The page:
And of course behind that hovers a bigger truth still: this doesn't just happen in making a poem, but in life. So there you are settled, life, job, relationship, future – the grooves we try and make for ourselves, to offset against the transience of everything, and to which we might sacrifice a larger truer riskier life in the pursuit of security (which of course is an illusion, if we try to find that in material things, or in another). Suddenly the lightning bolt blows all this apart: we're made redundant, or we become ill, or we have an accident, or our parents die, or we fall in love, or our lover leaves us, or we wake up one morning and realise that we can't do this life any more, whatever 'this life' is; that this existence as we know it is too small for us; cannot allow us to grow into all we might be.

This train of thought leads me to a theme that has underpinned all of my adult life: the true meaning of the Grail Quest. My first book Riding the Dragon – myth & the inner journey was about all this: the way in which our myths, looked at it the right light, are ways of conveying the psychospiritual wisdom of a culture. I draw a lot on Jungian and post-Jungian thinking. In the book I explore the Grail as representing a state of wholeness that depends on moving beyond the limitations of a life dictated entirely by egoic concerns, and that allows one to live genuinely as an integral part of a greater interconnected whole. The shift in consciousness comes, in the myths, at the point where a person has woken up enough to recognise that our lives here are not just about the search for individual personal happiness, but rather about wholeness and meaning, and how to 'live right', which means in accord with the principles that contribute to unity, harmony and compassion in relation to the whole of existence.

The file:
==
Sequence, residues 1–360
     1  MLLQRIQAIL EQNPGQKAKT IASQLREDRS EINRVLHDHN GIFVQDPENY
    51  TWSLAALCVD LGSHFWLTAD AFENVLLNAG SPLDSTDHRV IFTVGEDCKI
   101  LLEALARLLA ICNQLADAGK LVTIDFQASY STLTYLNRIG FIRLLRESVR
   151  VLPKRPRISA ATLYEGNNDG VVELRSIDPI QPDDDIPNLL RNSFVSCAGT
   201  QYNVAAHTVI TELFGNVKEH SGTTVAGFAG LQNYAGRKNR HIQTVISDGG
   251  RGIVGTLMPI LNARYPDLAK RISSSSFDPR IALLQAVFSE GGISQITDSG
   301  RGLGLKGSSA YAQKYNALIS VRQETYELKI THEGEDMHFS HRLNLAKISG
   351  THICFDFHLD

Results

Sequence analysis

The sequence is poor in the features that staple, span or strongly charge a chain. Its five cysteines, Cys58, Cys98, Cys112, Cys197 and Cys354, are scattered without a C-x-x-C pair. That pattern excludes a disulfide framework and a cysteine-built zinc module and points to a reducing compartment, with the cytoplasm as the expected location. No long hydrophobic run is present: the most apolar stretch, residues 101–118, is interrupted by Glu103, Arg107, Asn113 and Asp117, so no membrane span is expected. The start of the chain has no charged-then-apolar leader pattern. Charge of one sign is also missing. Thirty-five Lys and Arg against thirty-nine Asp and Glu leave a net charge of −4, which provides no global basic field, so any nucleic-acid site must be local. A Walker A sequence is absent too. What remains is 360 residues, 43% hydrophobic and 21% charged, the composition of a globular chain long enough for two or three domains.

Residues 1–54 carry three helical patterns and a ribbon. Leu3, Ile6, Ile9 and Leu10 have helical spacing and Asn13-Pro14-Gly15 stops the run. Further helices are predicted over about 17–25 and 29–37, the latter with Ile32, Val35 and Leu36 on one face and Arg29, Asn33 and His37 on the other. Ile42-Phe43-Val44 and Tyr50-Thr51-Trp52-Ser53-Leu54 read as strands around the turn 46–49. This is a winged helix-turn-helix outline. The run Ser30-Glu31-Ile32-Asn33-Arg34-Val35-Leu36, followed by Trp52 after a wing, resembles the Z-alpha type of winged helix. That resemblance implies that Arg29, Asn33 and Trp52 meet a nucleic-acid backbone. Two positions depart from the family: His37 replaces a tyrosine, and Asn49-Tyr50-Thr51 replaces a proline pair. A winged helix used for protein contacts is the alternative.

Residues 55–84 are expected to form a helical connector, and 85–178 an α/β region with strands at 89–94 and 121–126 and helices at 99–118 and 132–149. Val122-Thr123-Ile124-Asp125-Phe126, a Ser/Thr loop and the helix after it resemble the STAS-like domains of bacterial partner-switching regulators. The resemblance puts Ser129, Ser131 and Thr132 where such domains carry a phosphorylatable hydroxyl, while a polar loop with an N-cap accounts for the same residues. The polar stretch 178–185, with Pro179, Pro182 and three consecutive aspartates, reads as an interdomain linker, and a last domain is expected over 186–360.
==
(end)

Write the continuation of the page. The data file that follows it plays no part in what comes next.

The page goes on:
In the Grail myths the 'hero's journey' starts with the individual, portrayed as an adolescent, turning his or her back on the old familiar ways. This comes as a 'wake-up call' – writers like Jung and Joseph Campbell name this the 'Call to Adventure' that sets us off wandering; often without knowing clearly what we're searching for, simply knowing that there is a search to be had. My book is largely about this whole heroic quest.

As I think about this, I think too of the Arthurian mythos and suddenly the significance of merlin/Merlin strikes me so that I chuckle to myself. In the poem it's the sparrowhawk that takes us off our little narrow-focus path into 'a greater truth'. In the myths, we could say that the Merlin as sorcerer represents that wise part of ourselves that enables transformation of consciousness to take place; that knows what we need to move beyond our small selves. So the connection here between the bird in the poem and the function of the Merlin in the myths, in a culture and in an individual life makes me smile.

Of course, there's a great deal more to be said about this, and no doubt I will say it. But for now I just want to comment too on the etymology of 'sorcerer', which you've maybe worked out for yourself: it comes from the French 'sourcier', he who divines (that's an interesting word, too) water sources, or wellsprings. In the Grail quest, looked at from a psychological perspective, this represents the return of heart, or the feeling function, to an arid and fragmented culture/psyche. And yes, clearly there is masses more to say on that too...